Day Traders Diary



Stocks bounced back from recent weakness on Thursday, sending the tech-heavy Nasdaq (+1.3%) to a new all-time high.

Upbeat earnings reports from Dow components Wal-Mart (WMT 99.62, +9.79) and Cisco Systems (CSCO 35.88, +1.77) helped fuel the upbeat sentiment even before the opening bell, as did strength in overseas markets; Japan's Nikkei (+1.5%) led the charge in Asia, while France's CAC (+0.7%) and Germany's DAX (+0.6%) set the pace in Europe.

The U.S. House of Representatives passed its version of a tax reform bill in a party-line vote, as expected, which allowed the equity market to keep its bullish disposition into the closing bell. The focus will now shift to the Senate, which continues to debate its version of a tax overhaul. 

As for the other major stock indices, the S&P 500 and the Dow added 0.8% apiece, while the small-cap Russell 2000 rallied 1.6%.

The technology (+1.3%) and consumer staples (+1.6%) sectors were among the strongest groups on Thursday, underpinned by Cisco and Wal-Mart, respectively. Wal-Mart shares jumped 10.9% to a new record high after the world's largest retailer reported better-than-expected earnings and revenues for the third quarter and issued upbeat profit guidance for fiscal year 2018.

Meanwhile, shares of Cisco Systems jumped 5.2%, hitting their best level in over 16 years, after the tech giant reported above-consensus earnings and issued upbeat guidance for the upcoming quarter.

The lightly-weighted telecom services (+1.8%) and materials (+1.3%) groups also had solid showings, trimming their monthly losses. However, the heavily-weighted financial group (+0.1%) struggled to keep pace with the broader market, with insurers like Travelers (TRV 130.81, -2.90) showing particular weakness; TRV shares lost 2.2%. 

West Texas Intermediate crude futures slipped 0.4% to $55.11/bbl, which weighed on the energy group (-0.6%). For the week, energy shares within the S&P 500 have lost 3.8%, while WTI crude futures have dropped 2.9%. Investors remain optimistic that major oil producers will extend their supply-cut deal later this month.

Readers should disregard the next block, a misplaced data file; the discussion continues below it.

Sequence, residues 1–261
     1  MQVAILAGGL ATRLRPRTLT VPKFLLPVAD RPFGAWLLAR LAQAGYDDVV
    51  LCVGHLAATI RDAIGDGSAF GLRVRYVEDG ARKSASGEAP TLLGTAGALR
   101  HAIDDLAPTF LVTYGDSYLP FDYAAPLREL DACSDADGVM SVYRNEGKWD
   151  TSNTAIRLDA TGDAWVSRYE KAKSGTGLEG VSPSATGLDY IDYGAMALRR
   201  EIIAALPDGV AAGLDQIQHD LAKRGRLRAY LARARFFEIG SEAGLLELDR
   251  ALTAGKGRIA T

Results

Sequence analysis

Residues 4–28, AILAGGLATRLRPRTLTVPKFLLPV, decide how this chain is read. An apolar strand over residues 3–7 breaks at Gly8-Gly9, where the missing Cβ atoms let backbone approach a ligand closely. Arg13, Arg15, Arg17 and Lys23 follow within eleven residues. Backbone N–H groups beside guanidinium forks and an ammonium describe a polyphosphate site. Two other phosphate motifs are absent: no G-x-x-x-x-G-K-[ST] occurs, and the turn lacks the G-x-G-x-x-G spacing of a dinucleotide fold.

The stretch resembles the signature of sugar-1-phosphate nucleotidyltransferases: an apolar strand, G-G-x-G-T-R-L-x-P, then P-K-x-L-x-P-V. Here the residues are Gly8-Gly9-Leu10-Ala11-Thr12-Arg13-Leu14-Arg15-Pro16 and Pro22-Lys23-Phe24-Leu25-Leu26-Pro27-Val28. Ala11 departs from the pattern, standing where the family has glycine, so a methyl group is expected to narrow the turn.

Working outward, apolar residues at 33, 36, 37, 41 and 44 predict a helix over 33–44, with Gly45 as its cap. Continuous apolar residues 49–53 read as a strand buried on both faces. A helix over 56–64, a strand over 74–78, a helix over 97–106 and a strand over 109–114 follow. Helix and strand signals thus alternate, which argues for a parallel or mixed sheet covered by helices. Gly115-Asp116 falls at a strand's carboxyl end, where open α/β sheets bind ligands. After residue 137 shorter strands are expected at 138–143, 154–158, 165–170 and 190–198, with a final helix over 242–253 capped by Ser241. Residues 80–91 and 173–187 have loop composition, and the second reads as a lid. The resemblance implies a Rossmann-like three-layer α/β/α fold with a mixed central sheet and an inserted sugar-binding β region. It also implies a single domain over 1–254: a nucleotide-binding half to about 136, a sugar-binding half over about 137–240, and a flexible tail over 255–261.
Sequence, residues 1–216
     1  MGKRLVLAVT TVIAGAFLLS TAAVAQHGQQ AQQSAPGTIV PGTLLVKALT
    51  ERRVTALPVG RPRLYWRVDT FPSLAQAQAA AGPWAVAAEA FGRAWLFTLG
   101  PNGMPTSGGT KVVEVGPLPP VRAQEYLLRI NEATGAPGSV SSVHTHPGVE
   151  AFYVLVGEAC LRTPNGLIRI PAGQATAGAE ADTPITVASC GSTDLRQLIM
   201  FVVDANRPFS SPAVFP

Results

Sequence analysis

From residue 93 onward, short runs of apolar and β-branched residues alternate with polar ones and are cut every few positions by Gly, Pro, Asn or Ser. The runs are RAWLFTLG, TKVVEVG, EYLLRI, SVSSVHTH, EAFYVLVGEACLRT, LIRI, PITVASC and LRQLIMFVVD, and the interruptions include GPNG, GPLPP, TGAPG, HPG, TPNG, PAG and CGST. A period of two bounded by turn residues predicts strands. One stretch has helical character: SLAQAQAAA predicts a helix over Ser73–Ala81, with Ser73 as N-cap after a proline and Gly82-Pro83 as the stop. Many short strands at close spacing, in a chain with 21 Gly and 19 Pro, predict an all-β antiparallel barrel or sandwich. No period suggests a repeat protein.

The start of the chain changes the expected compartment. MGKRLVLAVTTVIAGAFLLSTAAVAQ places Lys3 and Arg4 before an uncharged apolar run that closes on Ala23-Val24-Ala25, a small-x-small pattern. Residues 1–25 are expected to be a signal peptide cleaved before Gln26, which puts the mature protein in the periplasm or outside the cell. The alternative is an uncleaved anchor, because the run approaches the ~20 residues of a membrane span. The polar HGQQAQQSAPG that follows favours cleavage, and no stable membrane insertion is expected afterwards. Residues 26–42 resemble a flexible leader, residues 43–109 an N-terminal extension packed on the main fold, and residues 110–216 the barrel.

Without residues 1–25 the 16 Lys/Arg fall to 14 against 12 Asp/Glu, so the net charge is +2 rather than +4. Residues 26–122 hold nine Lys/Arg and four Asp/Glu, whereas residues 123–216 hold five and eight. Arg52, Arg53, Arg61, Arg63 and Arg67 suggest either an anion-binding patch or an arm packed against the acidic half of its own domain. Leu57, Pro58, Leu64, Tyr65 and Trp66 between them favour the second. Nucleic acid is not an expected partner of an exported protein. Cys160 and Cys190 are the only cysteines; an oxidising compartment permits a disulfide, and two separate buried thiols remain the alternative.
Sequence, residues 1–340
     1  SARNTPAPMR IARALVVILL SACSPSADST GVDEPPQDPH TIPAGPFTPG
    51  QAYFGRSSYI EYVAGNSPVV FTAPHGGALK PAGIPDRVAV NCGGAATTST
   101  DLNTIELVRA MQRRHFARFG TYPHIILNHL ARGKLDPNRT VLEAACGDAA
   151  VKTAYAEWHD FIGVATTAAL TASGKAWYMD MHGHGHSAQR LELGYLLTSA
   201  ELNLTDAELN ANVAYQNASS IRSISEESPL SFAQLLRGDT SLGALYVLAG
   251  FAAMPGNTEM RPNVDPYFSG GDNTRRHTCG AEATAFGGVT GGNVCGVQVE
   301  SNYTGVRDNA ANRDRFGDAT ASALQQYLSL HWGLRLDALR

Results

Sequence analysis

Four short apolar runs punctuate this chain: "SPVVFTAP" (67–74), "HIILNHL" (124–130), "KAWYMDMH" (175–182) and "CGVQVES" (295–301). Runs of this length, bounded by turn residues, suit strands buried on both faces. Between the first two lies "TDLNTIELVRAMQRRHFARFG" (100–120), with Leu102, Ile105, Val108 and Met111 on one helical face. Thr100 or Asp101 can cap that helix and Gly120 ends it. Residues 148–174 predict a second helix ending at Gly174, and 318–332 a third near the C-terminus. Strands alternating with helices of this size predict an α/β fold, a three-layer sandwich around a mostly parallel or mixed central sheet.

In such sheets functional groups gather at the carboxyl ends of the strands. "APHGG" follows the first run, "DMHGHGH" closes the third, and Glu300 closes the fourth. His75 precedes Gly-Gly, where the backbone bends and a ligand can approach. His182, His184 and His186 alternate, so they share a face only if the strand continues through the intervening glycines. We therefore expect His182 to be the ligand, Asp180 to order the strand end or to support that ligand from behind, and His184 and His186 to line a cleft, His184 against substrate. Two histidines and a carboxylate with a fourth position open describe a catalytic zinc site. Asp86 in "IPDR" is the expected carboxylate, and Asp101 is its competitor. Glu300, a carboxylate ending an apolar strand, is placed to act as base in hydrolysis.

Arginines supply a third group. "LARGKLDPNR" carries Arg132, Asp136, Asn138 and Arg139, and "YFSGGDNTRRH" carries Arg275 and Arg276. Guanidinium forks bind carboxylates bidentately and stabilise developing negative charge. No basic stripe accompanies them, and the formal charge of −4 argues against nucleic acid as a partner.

Treasury yields rose as investors sold U.S. sovereign debt, sending the 2yr-10yr spread higher by one basis point to 66 basis points. The benchmark 10-yr yield jumped three basis points to 2.36%, while the 2-yr yield climbed two basis points to 1.70%. The U.S. Dollar Index ticked up 0.1% to 93.83.

Reviewing Thursday's economic data, which included October Industrial Production and Capacity Utilization, the weekly Initial Claims Report, the November Philadelphia Index, and October Import/Export Prices:

  • Industrial Production increased 0.9% in October ( consensus +0.5%), while the September reading was revised to +0.4% (from +0.3%). Capacity Utilization rose to 77.0% ( consensus 76.3%) from a revised reading of 76.4% in September (from 76.0%).
    • The key takeaway from the report is that industrial production is back on a growth track following the hurricanes. According to the Federal Reserve, industrial production increased 0.3% in October excluding the effects of the hurricanes.
  • The latest weekly initial jobless claims count totaled 249,000, while the consensus expected a reading of 234,000. Today's tally was above the unrevised prior week count of 239,000. As for continuing claims, they declined to 1.860 million from a revised count of 1.904 million (from 1.901 million).
    • The key takeaway from the report is that there is nothing out of the ordinary with the initial claims jump, which reflects normal volatility and marks the 141st straight week initial claims have been below 300,000.
  • The Philadelphia Fed Survey for November declined to 22.7 from an unrevised 27.9 in October while economists polled by had expected a reading of 24.6.
    • The key takeaway from the report is that manufacturing firms in the region expect growth to continue, evidenced by the diffusion index for future general activity rising from 46.4 in October to 50.1 in November.
  • Import prices excluding oil rose 0.2% in October after increasing 0.3% in September. Export prices excluding agriculture decreased 0.3% in October after rising a revised 0.9% in September (from 1.0%).
    • The key takeaway from the report is that the 1.4% year-over-year increase in nonfuel import prices is the largest year-over-year increase since the year ended March 2012. Nonagricultural export prices are up 2.5% year-over-year, down from the 3.0% increase for the 12 months ending September.

On Friday, investors will receive just one economic report--October Housing Starts ( consensus 1198K)--which will be released at 8:30 ET.

  • Nasdaq Composite +26.2% YTD
  • Dow Jones Industrial Average +18.7% YTD
  • S&P 500 +15.5% YTD
  • Russell 2000 +9.6% YTD

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